Reply
 
LinkBack Thread Tools Display Modes
  #1   Report Post  
Old January 26th 07, 08:27 PM posted to rec.games.chess.computer
external usenet poster
 
First recorded activity by ChessBanter: Jan 2007
Posts: 3
Default Chess Engine kN per second

I have a strange question... I often run chess tournaments among
different programs on my computer for fun and also for different
analysis opinions in my post-mortem games. But it seems some chess
engines have very low search node strengths, and sometimes they
vary.... for instance:

Deep Junior 10 usually runs at about 670kN per second, but often spikes
to 800-1200.
Then Rybka 2.2 will run at a pathetic 18kN, never exceeding 33. This
makes DJ10 annihilate Rybka, even though Rybka is probably a better
engine.
Hiarcs 11 will usually run at no more than 100kN, while Loop 10.32f
will run at about 300kN.

Does anyone know why there's such a huge discrepancy for this? How can
I get the engines to play on a level field of kilonodes?

(My email is fake, please post here)

  #2   Report Post  
Old January 26th 07, 08:29 PM posted to rec.games.chess.computer
external usenet poster
 
First recorded activity by ChessBanter: Jan 2007
Posts: 3
Default Chess Engine kN per second

On Jan 26, 12:27 pm, "vram1974" wrote:
I have a strange question... I often run chess tournaments among
different programs on my computer for fun and also for different
analysis opinions in my post-mortem games. But it seems some chess
engines have very low search node strengths, and sometimes they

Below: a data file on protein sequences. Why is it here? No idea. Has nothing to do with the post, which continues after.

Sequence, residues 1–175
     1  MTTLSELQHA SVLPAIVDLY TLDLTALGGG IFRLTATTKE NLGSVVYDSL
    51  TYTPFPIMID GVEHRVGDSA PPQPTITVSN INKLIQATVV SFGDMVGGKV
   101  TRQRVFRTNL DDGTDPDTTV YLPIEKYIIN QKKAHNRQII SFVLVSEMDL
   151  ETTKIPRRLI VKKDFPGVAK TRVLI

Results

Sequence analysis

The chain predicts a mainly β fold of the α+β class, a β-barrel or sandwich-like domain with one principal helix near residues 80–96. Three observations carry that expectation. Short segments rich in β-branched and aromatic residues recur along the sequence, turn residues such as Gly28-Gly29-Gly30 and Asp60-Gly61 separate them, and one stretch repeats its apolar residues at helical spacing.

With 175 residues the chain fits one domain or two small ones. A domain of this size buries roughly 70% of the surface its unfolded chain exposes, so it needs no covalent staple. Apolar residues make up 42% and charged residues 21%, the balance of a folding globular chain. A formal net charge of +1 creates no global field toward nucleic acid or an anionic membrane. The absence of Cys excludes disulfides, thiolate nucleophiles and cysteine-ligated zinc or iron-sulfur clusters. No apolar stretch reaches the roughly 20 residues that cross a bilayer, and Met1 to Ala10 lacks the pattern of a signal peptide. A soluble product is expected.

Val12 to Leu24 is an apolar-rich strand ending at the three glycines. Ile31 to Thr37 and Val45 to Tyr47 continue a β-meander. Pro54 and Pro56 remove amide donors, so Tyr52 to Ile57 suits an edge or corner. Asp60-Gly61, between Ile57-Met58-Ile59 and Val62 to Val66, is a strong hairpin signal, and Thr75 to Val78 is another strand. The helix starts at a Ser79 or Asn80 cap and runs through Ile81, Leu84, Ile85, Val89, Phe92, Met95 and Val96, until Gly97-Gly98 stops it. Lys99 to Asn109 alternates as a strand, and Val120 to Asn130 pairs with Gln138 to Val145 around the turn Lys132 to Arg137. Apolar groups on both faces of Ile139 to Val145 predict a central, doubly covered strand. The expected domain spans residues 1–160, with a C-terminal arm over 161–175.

vary.... for instance:

Deep Junior 10 usually runs at about 670kN per second, but often spikes
to 800-1200.
Then Rybka 2.2 will run at a pathetic 18kN, never exceeding 33. This
makes DJ10 annihilate Rybka, even though Rybka is probably a better
engine.
Hiarcs 11 will usually run at no more than 100kN, while Loop 10.32f
will run at about 300kN.

Does anyone know why there's such a huge discrepancy for this? How can
I get the engines to play on a level field of kilonodes?

(My email is fake, please post here)


I should probably have mentioned I am running these programs within the
Chessbase Junior 8 environment using eng files. Perhaps this affects kN
speed?

  #3   Report Post  
Old January 26th 07, 10:05 PM posted to rec.games.chess.computer
external usenet poster
 
First recorded activity by ChessBanter: Jan 2007
Posts: 5
Default Chess Engine kN per second

"vram1974" wrote in
oups.com:

I have a strange question... I often run chess tournaments among
different programs on my computer for fun and also for different
analysis opinions in my post-mortem games. But it seems some chess
engines have very low search node strengths, and sometimes they
vary.... for instance:

Deep Junior 10 usually runs at about 670kN per second, but often
spikes to 800-1200.
Then Rybka 2.2 will run at a pathetic 18kN, never exceeding 33. This
makes DJ10 annihilate Rybka, even though Rybka is probably a better
engine.
Hiarcs 11 will usually run at no more than 100kN, while Loop 10.32f
will run at about 300kN.

Does anyone know why there's such a huge discrepancy for this? How can
I get the engines to play on a level field of kilonodes?





The more chess knowledge a programmer puts into a program, the less
brute force (less nodes per second) the engine needs to apply to come to